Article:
Free Trade

Trump's Trade Deal With China Is Better Than a Trade War With China. But a $200 Billion Question Remains.

Unless the tariffs are lifted, the "Phase One" trade deal might not accomplish much beyond empowering China's communist regime to tighten its grip on free markets.


President Donald Trump inked his so-called "Phase One" trade deal with China earlier this week, putting in place a framework that the White House says will boost economic growth and protect American intellectual property.

As the "Phase One" name would indicate, this isn't really an end to the trade war—in fact, nearly all the tariffs imposed by both the United States and China since hostilities commenced in July 2018 will remain in effect. Still, after 18 months of escalation and retaliation, the signing of a partial trade deal is a welcome sign that cooler heads have prevailed in Washington and Beijing.

And, indeed, the Trump administration does deserve credit for getting stronger protections for intellectual property into the deal, though it remains unclear whether those provisions can be meaningfully enforced. China has also agreed to make a series of changes to its financial services regulations that should allow competition from U.S. banks. That's potentially more important than it might appear because it reduces the odds that the world's two largest economies will fully de-couple from one another in the future.

Outside the specifics of the deal, the past year and a half may have altered the U.S.-China relationship in productive ways. "American credibility has been greatly enhanced" by the trade war, writes Tyler Cowen, an economist at George Mason University, in a column for Bloomberg. By standing up to China and demonstrating a willingness to endure the economic pain caused by the tariffs, Cowen argues, Trump has changed the calculus for how China can expect the U.S. to respond as it continues to grow. Only time will tell if that's right.

And, of course, the deal is a political win for Trump as he heads into a re-election campaign

But the biggest part of the trade deal—a promise that China will boost its purchases of U.S. exports by $200 million over the next two years—should be viewed with skepticism. That part of the deal might also make pro-market reforms in China more difficult, and it reveals (once again) something about Trump's own, skewed views of international trade.

Using 2017, the last year before the trade war began, as a baseline, China has agreed to buy $77 billion in additional U.S. goods (agricultural, manufacturing, and energy exports all count towards that total) this year, and another $123 billion extra in 2021.

In 2017, total U.S. exports to China equaled about $186 billion. That means Trump is asking China to increase its purchases of U.S. goods by around 60 percent—a great leap forward that The Wall Street Journal describes as "an unprecedented jump in bilateral trade."

Even if China manages to stuff that much American corn and soy down the gullets of its people and livestock, it might be worth asking if $200 billion in exports is worth the cost.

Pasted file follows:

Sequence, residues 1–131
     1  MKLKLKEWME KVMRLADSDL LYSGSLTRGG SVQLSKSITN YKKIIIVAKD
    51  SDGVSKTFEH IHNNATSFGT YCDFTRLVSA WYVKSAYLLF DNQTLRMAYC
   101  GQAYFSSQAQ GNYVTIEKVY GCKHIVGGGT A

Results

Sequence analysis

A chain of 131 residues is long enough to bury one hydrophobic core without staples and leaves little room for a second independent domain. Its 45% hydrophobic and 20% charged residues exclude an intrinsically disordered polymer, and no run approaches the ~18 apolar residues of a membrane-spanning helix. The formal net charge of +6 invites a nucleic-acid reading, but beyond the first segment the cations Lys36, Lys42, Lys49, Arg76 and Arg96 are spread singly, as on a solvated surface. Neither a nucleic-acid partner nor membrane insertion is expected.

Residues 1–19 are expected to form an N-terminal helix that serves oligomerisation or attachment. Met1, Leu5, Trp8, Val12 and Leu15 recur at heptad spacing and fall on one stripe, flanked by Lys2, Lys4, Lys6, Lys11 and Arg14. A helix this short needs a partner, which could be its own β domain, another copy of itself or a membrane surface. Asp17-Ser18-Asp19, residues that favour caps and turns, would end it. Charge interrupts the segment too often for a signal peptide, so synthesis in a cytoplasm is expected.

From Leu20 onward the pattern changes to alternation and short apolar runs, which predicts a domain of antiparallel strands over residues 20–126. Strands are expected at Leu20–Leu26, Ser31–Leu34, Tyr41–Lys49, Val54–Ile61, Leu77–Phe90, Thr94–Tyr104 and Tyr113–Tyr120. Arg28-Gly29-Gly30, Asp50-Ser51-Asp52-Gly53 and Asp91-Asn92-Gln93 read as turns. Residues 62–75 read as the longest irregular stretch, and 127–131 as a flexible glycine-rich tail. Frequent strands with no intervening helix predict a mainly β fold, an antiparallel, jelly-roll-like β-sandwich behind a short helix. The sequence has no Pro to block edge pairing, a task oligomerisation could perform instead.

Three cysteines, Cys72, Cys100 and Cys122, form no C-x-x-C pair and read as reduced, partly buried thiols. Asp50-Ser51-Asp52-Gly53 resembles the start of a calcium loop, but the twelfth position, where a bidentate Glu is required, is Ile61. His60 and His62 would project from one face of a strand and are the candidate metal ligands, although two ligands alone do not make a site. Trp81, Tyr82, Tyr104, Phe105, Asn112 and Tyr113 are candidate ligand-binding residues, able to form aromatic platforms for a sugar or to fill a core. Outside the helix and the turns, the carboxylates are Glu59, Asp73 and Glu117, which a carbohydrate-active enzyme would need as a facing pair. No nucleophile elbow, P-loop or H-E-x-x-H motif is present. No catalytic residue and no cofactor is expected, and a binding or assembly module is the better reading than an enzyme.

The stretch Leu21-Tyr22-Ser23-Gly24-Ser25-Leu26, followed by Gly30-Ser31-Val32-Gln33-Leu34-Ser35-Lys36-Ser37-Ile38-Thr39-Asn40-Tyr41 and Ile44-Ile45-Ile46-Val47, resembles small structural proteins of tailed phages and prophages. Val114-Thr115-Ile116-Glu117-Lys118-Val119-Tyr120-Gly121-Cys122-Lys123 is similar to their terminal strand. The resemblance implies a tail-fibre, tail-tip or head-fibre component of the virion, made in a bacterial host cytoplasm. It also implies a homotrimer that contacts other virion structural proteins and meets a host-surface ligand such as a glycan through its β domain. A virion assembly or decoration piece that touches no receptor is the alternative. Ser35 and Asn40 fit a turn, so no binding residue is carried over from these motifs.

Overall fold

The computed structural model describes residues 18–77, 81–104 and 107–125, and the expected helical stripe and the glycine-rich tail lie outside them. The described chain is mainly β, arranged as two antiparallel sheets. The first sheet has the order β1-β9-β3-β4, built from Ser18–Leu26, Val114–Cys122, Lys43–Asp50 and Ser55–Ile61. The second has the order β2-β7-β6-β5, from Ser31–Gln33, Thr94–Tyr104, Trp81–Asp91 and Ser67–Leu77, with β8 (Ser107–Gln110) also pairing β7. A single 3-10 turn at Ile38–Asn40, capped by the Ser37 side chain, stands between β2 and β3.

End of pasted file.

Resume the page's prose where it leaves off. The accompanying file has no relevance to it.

Forcing China to buy more U.S. goods "directly contradicts the negotiating demand that China liberalize its economy and relax centralized control over trade and investment," writes Dan Griswold, a senior research fellow at the Mercatus Center, a free market think tank. "With its demand that the Chinese government fulfill what are in effect quotas on purchases of U.S. goods and services, the Trump administration is only reinforcing the sway of the hardliners in Beijing at the expense of more pro-market reformers. All for a promise of more exports that may or may not ultimately materialize."

In many ways, this speaks to Trump's fundamental misunderstanding about how trade works. The president sees countries as if they were corporations: employing people to produce goods, while buying and selling with other countries. This is why he's been so fixated on the trade deficit. If you think of America as a single company, then buying more than you sell means you are losing money.

But, of course, America is not a single company, American companies are not subsidiaries of the White House's fictional national corporation, and American workers are not the president's employees.

While national government aggregate data about trade for a variety of reasons, the reality is that trade happens in an incredible diffuse way. It is the result of millions of individual decisions made by consumers and businesses every day. When "America" trades with "China," what's really happening is that some individual within America is trading with some individual inside China.

Or at least that's how it should be. It's true, of course, that China's communist government retains considerable control over markets inside the country. But requiring China to buy more American goods isn't the way to encourage more liberalization.

"This is essentially the administration saying, 'We've given up on saying we want you to become more market-oriented,'" Chad Bown, a senior fellow at the Peterson Institute for International Economics, tells The Wall Street Journal.

It's also not clear whether China buying $200 billion of additional U.S. exports will actually add to overall American economic growth. It's possible that China could simply buy up exports that would have otherwise gone to other countries. That outcome might reduce America's trade deficit with China, but it wouldn't boost U.S. exports overall or help grow American farms or manufacturing—yet another reason why Trump's fixation on the trade deficit is counterproductive.